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SPI Vs DPI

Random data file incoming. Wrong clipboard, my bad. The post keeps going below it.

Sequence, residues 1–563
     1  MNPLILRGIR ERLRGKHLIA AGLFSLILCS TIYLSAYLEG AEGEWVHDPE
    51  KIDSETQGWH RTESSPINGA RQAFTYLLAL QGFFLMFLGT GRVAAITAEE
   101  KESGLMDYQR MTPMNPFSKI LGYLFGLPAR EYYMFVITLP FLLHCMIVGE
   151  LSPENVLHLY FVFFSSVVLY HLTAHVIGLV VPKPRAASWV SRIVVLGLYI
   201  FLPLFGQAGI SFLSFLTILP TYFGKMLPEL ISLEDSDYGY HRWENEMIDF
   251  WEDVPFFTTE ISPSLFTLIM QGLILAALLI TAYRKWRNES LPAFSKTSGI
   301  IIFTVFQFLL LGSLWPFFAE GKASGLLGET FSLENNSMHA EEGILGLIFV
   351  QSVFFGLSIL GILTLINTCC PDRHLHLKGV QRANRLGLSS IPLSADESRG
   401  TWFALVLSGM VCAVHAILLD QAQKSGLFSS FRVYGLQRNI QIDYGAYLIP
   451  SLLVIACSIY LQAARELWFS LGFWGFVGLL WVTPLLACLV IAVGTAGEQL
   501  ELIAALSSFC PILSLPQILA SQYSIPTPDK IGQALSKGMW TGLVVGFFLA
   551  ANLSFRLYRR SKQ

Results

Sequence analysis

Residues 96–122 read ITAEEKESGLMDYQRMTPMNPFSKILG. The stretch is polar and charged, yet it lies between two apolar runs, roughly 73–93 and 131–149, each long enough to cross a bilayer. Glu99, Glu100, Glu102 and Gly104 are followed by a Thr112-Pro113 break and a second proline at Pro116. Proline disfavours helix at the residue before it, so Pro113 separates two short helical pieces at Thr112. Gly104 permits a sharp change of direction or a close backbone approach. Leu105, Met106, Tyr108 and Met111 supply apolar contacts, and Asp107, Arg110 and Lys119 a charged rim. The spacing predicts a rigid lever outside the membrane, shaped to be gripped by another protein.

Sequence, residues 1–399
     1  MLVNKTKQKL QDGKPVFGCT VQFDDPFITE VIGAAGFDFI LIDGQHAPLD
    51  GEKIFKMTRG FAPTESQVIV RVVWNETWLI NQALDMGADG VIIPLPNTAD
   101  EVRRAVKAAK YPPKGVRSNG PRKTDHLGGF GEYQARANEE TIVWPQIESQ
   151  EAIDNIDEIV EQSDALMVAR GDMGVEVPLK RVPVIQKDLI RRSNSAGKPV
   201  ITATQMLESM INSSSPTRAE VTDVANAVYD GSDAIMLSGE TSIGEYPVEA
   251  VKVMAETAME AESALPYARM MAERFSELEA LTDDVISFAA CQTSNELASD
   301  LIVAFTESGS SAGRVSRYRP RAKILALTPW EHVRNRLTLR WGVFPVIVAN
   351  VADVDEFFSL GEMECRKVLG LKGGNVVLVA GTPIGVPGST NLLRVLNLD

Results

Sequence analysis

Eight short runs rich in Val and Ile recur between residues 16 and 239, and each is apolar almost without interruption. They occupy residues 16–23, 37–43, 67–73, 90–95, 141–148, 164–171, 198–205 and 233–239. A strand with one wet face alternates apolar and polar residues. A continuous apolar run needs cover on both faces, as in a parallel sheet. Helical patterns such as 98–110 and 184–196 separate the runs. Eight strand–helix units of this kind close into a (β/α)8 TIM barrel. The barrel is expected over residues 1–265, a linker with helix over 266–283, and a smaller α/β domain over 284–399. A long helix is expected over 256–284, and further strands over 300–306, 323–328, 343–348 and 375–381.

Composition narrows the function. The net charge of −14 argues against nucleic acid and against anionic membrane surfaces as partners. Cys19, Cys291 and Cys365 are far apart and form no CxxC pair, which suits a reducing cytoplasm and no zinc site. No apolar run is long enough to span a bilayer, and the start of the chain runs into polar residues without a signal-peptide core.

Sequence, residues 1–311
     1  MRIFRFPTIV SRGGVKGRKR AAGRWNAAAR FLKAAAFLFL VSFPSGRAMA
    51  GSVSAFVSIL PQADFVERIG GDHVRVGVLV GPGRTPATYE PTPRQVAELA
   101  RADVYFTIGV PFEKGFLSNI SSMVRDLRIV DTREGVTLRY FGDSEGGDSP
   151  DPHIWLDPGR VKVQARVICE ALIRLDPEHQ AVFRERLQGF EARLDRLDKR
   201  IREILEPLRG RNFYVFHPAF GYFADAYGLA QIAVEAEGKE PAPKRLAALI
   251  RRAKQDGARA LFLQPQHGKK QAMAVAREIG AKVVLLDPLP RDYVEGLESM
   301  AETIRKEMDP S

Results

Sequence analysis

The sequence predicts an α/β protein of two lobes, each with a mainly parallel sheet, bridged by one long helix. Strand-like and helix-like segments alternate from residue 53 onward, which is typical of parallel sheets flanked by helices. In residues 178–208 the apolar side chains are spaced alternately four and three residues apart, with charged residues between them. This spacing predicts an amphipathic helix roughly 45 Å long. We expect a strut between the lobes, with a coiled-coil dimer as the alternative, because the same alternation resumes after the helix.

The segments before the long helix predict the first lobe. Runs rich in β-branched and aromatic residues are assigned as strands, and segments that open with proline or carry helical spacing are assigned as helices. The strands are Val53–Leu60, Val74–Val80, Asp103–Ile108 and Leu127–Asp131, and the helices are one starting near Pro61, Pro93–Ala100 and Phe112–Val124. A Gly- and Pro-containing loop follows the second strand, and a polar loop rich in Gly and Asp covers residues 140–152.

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  S  tateful  vs. Deep Packet Inspection  Stateful Packet Inspection (SPI) What is a SPI firewall?  SPI is a basic firewalling feature that is included in standard DSL routers. How does SPI work?   SPI works at the network layer by examining a packet’s header and footer in addition to ensuring the packet belongs to a valid session . When an IP packet arrives at the firewall from the Internet the firewall decides if it should be forwarded to the internal network. To do this the firewall inspects the packet to see what connections have been opened from the inside of the network to the Internet. If there is a connection open that applies to the packets that have arrived from the Internet then it will be let through  –  otherwise it will be rejected. So instead of permitting any host program to send any kind of traffic on port 80 it ensures it belongs to a current, open session , it looks at the source and destination IP addresses as well as the source and destination ports to make this decision . How Secure is SPI?   This type of security simply controls incoming traffic, and wouldn’t be able to prevent attacks from innocuous Web browsing, spyware, adware, trojans etc.  Stateful Inspection The term was srcinally coined by Check Point in reference to their Firewall-1 product, but the term is now used by virtually every firewall vendor in existence. A stateful firewall differs from a standard packet filter in a very simple way —   a stateful firewall deals with connections  and their characteristics rather than packets individually.  In short, stateful firewalls keep track of open, legitimate connections and compare traffic moving through the firewall to these known-good entries. The firewall knows all about the co nnections in its “state table” (the list of legitimate connections) —  and anything deemed not part of one on the list is discarded. This was a major advance over basic packet filtering in terms of security. It suddenly became much more difficult to inject spoofed packets into legitimate connections and have them accepted by the firewall because stateful inspection looks at TCP sequence numbers, TCP Flags, etc. rather than just source and destination IP and port numbers .    B Y  :   S.    Z  UBAIR  A  HMED     Stateul vs Dee Packet Insection  Another thing that stateful inspection brought to the table was the ability to touch the application layer to some degree. The most commonly known example of this is the ability to handle an FTP session —  a complex task involving two separate connections.   Without being able to watch actual FTP traffic, the firewall wouldn’t be able to deal with this level of complexity. This should not, however, be confused with true layer-7 visibility. The srcinal forms of stateful inspection dealt predominantly with layers 4 and below.   The most important thing to remember when discussing stateful inspection, however, is arguably what it isn’t  . Firewall vendors have hyped the term to the point that it carries almost magical overtones. Don’t fall for it. Again, stateful firewalls deal with connect ions rather than individual packets, and they build state tables that hold the connection information. Then they simply compare traffic moving through them to the contents of their state tables . Deep Packet Inspection (DPI) What is a DPI firewall?   DPI is an intelligent firewalling  feature that forms part of the integrated security suite of a UTM firewall. How does DPI work?    As well as looking at the header, footer, source and destination of incoming packets, DPI also examines the data part of the packet, searching for illegal statements and predefined criteria and making a decision on whether or not to let it through based on the content . DPI combines signature-matching technology with analysis of the data in order to determine the impact of that communication stream. DPI takes the incoming packets apart, examines the data, comparing with set criteria, and then re-assembles the packet. The ASIC chip in the FortiGate firewall (also used for Bitcoin mining) allows this type of fire walling to be done quickly, efficiently and without degrading the speed of network traffic. Router and software firewalls simply do not have the necessary power to perform this level   of    deep packet inspection. How Secure is DPI?   This type of security will guard against attacks from Trojans, spyware, and Malware etc. which are increasingly common and are obtained through seemingly innocuous Web browsing by end-users.    Firewalls  Basic Packet Filters  As a general rule, the more advanced the firewall technology, the higher up in the OSI Model it works. The first and most basic type of firewall to come about is simply referred to now as a packet filter. These firewalls worked at the 3rd level of the OSI model, aka the network layer. Packet filters worked primarily off of two parameters within packets —  the source and destination IP addresses —  but they   were able to look at (and filter on) the protocol field in the IP header as well.    Stateul vs. Dee Packet Insection   The key here, however, is that very few checks were done on packets, and they were only done at the network layer. As a result, it has become somewhat trivial to trick these sorts of filters via various techniques. Spoofing, fragmenting, and various other sorts of tinkering allow an attacker to get traffic through simple packet filters that they were set up to block. One advantage of packet filters, however, was (and is) their speed. Because they perform so few checks they are able to do so quite efficiently. Proxy Firewalls One of the most interesting and powerful types of firewalls is the proxy firewall. The main thing to remember when considering proxy firewalls is the fact that they initiate a second connection from themselves. In other words, when a request is made for a resource that’s handl ed by a proxy firewall, the srcinal request does not make it back to the host in possession of the resource. The proxy   makes the request to the resource and then returns the information back to the client. This is a highly secure way of doing things because it allows one to filter out a large amount of potentially malicious content within the srcinal request. For example, imagine that there is 150,000 areas in a request that can be tampered with by an attacker —  some of which could create a security issue on the host being targeted. Well, if only 10 pieces of information are needed to make a legitimate request, the proxy knows this and can take those 10 things and make its own request. This way, when the proxy asks for the resource, the host is far less li kely to be tricked into doing something it’s not supposed to do.   Deep Packet Inspection For the last few years it’s been stateful inspection that’s received most of the attention. As mentioned, every firewall vendor on the planet hurried to throw together an implementation just so they could say they had it. Well, now there’s a new player in town —   deep inspection . Just as with stateful inspection, vendors are trying their best to make this technology something it isn’t.  To make a long story short, deep inspection is stateful inspection —  but with visibility into the application layer. In other words, deep inspection allows the firewall to see the actual data passing through it rather than just keeping track of connection information. As mentioned above, many stateful inspection implementations allow for interaction with the application layer in certain circumstances, but that’s not the main function of stateful inspection.   So what’s the practical advantage of deep inspection over stateful inspection? Content  filtering. Is the client that just made a connection to our webserver trying to propagate a worm? Is a website trying to install malware via an HTTP session? These are questions that stateful inspection cannot answer and that deep inspection can. Once the firewall can see into the application layer fully, it can start matching what it sees against a list of known bad content. This is signature-based   analysis, and it’s the backbone of all antivirus technology. The advantage here is the ability to catch a whole lot of known nastiness, along with the relative ease of updates. The disadvantage would be the fact that, like in the AV world, the ability to stop unknown attacks is virtually nil, i.e. a new threat usually requires a new update. Anomaly analysis, on the other hand, works by establishing what’s normal and then flagging traffic that strays from those boundaries. Theoretically this is   quite powerful, but in practice it’s often too hard to determine with any confidence what a “known good” baseline is. Without that, it’s very difficult to be able to   say “this is bad because it’s not normal.” As a result, it’s the signature paradigm that’s dominated this   space.      So that’s basically what “deep inspection” turns out to be —  a stateful firewall with content analysis that uses signatures and anomaly analysis. Conclusion  A firewall of any description is a must for any user connecting to the Internet. However, for a truly effective platform a dedicated hardware firewall with DPI provides the best all-round solution and goes a long way to securing networks from the more sophisticated and damaging Internet threats. Stateul vs. Dee Packet Insection